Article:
By Derrick Perkins
Commonwealth’s Attorney Randy Sengel cleared police officers of any criminal wrongdoing in the shooting death of Taft Sellers during an armed confrontation in February.
Sengel released his findings Monday after a months long investigation into the fatal standoff on the 3400 block of Duke Street. His report, which concluded officers shot the 30-year-old former Marine and city resident in self-defense, revealed new details about the February 18 shooting.
The responding officers’ accounts of the deadly stand off — summarized in Sengel’s report — paint a vivid picture of the minutes leading up to Sellers’ death.
“A police-involved shooting is a traumatic experience for everyone involved, but I can assure you no police officer ever wants to be put in that situation where the outcome ends the life of a human being,” Police Chief Earl Cook told reporters earlier this year.
Sellers, a T.C. Williams graduate, was visiting his grandmother and sister, who called police after the two argued, authorities said. She told police Sellers was armed, but said he had not threatened to use his Glock semi-automatic.
The first officer on the scene – not far from the department’s massive headquarters complex on Wheeler Avenue – spoke with Sellers, who was not wielding a firearm, in an open-air apartment complex stairwell.
But he retreated after the former military man put a hand behind his back and took a “shooting stance.” As other officers arrived, Sellers ducked behind the stairwell wall.
Officers unsuccessfully negotiated with Sellers for several minutes – according to their accounts and witness statements – urging him to surrender his weapon and give up. Ignoring their overtures, he emerged several minutes later, his handgun drawn and aimed at the lawmen.
Though the exact order of shots remains murky, an officer armed with a shotgun opened fire while another moved in with a Bushmaster M4 rifle. Five other officers, several thinking Sellers was returning fire, took aim with their handguns.
The shooting lasted about 10 seconds. When it ended, the seven officers had fired a combined 37 shots, striking Sellers five times in his head and abdomen. An autopsy later confirmed he died from multiple gunshot wounds, one from the shotgun and the others from the M4 rifle.
Authorities do not believe Sellers fired a single shot with his handgun.
LETHAL FORCE JUSTIFIED
Because Sellers emerged with a gun drawn and pointed it at the lawmen, they were justified in shooting him in self-defense, according to Sengel. Sellers posed an imminent threat to their lives and safety and the officers were authorized to use deadly force to protect themselves.
It was Sellers, not the police, who dictated the outcome, Sengel concluded.
“Had Sellers continued to act in a non-threatening manner and not pointed his weapon at the officers, he would not have been shot,” he wrote. “To suggest that officers should have continued to attempt to engage Sellers in conversation at that moment when he aimed his weapon at them is simply nonsensical.”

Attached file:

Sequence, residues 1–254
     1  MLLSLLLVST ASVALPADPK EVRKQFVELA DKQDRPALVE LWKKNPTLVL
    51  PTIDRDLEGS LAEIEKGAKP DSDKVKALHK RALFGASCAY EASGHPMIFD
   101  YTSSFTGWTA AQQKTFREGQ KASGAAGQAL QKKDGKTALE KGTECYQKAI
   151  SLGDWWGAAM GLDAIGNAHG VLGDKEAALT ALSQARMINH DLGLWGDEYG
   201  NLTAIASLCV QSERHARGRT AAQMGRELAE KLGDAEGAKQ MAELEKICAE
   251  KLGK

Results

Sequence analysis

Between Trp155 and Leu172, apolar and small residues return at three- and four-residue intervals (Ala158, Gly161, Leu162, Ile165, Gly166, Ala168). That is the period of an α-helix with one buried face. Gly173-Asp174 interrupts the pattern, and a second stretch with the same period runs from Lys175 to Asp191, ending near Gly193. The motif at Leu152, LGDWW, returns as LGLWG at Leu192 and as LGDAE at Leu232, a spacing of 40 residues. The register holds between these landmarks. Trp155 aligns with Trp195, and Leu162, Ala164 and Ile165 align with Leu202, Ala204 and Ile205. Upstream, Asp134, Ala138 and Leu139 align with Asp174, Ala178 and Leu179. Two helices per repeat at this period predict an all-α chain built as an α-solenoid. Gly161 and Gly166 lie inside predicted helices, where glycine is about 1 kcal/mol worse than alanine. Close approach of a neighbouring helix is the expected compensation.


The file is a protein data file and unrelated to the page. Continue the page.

Using non-lethal methods, like a Taser, would have put officers in Sellers’ line of fire. An officer equipped with what’s called Sage Less Lethal Munitions – rubber bullets or beanbag rounds, for example – was called to the scene, but did not arrive in time.
Even if that officer were on the scene, Sengel argued, the distance between the police and Sellers would have prevented him from firing the less lethal rounds.
“Use of less than lethal force in this case was not legally required or practically feasible,” he wrote.
As for Sellers’ state of mind, Sengel said authorities do not have a motive for his actions, but they did not rule out what is commonly known as “suicide by cop.” Friends said the one-time Marine had been struggling with depression and sent out an email alluding to suicide shortly before the standoff.
“It is certainly reasonable, based on his military background, to assume that Sellers understood the likely outcome of pointing a firearm at armed officers,” Sengel wrote.
A toxicology report done on Sellers’ body found no alcohol or drugs in his system except for phenytoin, which was prescribed to the local man. The drug is used to treat seizures, according to the National Institutes of Health.
At a press conference Monday, Sengel said the decision to make public his report in its entirety was designed to curtail rumors and innuendo.
“I think it’s important for the public to understand what happened,” he told reporters outside of the city courthouse.
The investigation into Sellers’ death – and the lack of details in the months after – had drawn scrutiny from friends, a police accountability group and local media. In his report, Sengel defended handling the matter internally instead of handing it over to the state police or a special prosecutor, as at least one group called for.
“Invariably, public scrutiny of any police shooting raises the question of whether any police department can conduct an objective investigation into the conduct of its own officers,” he wrote. “I have revisited the police inquiry independently, and tested it by consultation with independent experts and by re-interviewing some witnesses myself.”
While Sengel’s investigation cleared the officers involved of potential criminal charges, there may be further repercussions from the shooting. A department inquiry into the incident could result in disciplinary action or future training.